Another severe weakness in the game is that the levels are boring and poorly designed. There are far more empty rooms than rooms with any enemies or objects in them, and that is just unacceptable. You can spend minutes at a time just going through door after door after door and seeing a whole lot of nothing that has any relevance. The levels are also very linear and most of the time the first unlocked door you come to is the one that is going to lead you to the rest of the level. Of course, there are other sections of the game where there are several rooms in a row where you have to fight an enemy or do something special in each one. The levels could have been about half as big and the game would have flowed together much better.
The graphics in Breakdown are sub-par, but effective nonetheless. The characters are detailed and look good overall, especially the T'Lan, but the animation is pretty bad. All of the characters move in a sort of stiff, unrealistic way and it just doesn't look right. The environments suffer from a severe lack of detail and much of the game is made out of bland gray walls. The sort of bland visual style seems almost appropriate, though, so it is hard to really come down on the game too hard.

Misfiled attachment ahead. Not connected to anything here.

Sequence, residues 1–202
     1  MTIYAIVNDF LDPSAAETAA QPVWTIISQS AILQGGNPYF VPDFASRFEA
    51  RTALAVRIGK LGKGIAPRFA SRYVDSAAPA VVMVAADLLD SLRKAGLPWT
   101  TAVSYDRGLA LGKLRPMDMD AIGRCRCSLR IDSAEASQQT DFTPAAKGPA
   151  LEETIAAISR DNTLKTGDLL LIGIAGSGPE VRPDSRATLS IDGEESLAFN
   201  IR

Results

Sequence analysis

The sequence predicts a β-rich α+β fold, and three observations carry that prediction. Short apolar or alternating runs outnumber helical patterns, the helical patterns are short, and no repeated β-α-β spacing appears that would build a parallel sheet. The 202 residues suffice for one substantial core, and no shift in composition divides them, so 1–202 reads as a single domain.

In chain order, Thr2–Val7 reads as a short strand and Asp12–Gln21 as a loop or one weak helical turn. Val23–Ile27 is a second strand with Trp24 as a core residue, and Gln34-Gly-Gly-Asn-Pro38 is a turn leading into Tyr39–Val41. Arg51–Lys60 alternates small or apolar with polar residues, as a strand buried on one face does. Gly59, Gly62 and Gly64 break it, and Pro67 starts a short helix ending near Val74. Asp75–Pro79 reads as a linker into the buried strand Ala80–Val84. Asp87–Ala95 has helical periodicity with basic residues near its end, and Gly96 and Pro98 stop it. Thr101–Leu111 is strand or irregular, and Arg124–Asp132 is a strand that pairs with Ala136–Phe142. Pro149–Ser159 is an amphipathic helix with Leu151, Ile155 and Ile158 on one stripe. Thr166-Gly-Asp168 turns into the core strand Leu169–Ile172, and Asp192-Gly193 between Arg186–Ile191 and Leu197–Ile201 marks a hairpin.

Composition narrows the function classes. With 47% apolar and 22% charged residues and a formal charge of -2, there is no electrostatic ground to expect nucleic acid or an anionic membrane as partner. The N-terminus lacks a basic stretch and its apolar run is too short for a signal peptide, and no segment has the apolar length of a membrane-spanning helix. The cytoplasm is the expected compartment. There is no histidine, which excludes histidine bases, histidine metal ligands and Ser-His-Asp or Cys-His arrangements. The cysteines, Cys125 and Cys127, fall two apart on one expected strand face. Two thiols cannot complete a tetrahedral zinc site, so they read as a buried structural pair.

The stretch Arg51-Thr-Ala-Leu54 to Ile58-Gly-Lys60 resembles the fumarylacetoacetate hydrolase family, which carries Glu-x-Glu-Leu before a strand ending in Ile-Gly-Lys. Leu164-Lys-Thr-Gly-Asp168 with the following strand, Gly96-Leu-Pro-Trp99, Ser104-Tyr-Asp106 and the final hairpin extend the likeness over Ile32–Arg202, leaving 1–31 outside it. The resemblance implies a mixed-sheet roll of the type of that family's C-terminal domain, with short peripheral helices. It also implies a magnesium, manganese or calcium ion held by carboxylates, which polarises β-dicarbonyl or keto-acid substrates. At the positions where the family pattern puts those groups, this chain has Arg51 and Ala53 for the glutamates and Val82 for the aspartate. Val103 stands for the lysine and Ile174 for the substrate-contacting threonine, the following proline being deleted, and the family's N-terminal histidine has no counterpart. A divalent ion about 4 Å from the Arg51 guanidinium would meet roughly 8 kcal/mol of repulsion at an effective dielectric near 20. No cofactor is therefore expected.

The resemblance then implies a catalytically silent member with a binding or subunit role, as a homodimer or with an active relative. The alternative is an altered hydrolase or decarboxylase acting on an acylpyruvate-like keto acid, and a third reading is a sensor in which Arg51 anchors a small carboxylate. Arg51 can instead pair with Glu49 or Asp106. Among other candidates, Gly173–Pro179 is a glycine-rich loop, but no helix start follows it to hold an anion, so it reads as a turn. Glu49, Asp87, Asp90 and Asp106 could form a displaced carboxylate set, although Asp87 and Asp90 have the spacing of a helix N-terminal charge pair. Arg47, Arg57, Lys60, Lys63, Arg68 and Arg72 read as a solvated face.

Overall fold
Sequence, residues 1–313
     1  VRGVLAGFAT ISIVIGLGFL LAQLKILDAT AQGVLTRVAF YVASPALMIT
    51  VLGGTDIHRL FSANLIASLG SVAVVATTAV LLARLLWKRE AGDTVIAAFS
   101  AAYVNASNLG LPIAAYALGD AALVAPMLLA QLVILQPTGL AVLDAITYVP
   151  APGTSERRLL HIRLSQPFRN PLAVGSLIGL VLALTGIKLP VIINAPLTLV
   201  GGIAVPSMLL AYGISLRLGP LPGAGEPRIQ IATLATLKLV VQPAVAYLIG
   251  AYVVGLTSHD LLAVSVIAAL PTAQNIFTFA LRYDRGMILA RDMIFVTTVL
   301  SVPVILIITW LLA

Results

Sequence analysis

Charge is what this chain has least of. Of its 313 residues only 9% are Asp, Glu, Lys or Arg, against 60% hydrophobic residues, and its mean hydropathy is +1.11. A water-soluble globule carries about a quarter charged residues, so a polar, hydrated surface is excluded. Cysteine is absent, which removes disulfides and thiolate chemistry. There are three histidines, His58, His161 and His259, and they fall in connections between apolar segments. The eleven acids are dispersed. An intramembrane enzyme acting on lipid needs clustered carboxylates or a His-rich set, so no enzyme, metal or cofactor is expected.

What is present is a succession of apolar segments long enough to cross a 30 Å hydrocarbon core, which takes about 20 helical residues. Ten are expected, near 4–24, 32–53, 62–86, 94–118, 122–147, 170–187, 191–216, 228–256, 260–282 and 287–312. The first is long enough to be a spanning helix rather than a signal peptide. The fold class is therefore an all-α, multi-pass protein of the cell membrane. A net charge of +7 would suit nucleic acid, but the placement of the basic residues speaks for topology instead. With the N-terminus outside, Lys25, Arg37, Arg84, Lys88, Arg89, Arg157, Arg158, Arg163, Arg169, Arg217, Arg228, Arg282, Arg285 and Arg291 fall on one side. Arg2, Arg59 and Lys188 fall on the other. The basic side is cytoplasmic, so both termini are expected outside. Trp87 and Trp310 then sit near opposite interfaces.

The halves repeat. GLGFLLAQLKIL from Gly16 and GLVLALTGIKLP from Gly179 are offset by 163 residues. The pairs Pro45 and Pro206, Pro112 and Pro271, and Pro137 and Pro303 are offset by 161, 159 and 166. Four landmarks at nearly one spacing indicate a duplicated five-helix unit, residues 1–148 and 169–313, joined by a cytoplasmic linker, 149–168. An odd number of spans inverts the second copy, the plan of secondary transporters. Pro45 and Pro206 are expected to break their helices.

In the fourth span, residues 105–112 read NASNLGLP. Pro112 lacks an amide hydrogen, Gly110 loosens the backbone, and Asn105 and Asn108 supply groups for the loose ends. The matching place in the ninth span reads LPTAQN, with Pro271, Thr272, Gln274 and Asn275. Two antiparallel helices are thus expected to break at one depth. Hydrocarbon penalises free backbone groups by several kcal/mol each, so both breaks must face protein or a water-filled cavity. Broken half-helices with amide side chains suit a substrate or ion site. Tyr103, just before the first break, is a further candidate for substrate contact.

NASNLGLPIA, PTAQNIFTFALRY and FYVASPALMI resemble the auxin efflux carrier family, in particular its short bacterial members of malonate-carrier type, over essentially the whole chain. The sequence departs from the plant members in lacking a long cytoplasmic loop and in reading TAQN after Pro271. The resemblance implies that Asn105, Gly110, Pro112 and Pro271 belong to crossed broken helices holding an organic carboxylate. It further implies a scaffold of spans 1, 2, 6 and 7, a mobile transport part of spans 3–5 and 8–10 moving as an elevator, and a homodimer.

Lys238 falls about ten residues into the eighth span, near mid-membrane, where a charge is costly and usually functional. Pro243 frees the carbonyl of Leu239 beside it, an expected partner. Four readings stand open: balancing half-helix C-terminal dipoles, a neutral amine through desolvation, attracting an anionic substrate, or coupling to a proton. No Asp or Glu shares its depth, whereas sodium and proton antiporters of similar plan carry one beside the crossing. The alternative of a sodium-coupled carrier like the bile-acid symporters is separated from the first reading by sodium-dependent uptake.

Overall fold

The sound in Breakdown is also best described as bland, but appropriate. The dialogue is well done and the voice actors did a good job giving the story some life. Sound effects for the guns sound just like you would expect, but the sounds of punches and kicks are surprisingly realistic and very good overall. The music is also pretty good, but none of it really sticks out.
Overall, Breakdown is a flawed game, but it is still entirely worth checking out. It has a cool story and goes above and beyond to make you feel like you are the main character and that you are experiencing everything that happens. The gameplay is fun and satisfying, but the poor AI and level design ultimately sour what could have been a great game. Breakdown is far from perfect, but it is still worth checking out just so you can see the world through Derrick Cole's eyes. It isn't a terribly long game, however, and has little to no replay value, so I recommend that you rent this first and see how you like it.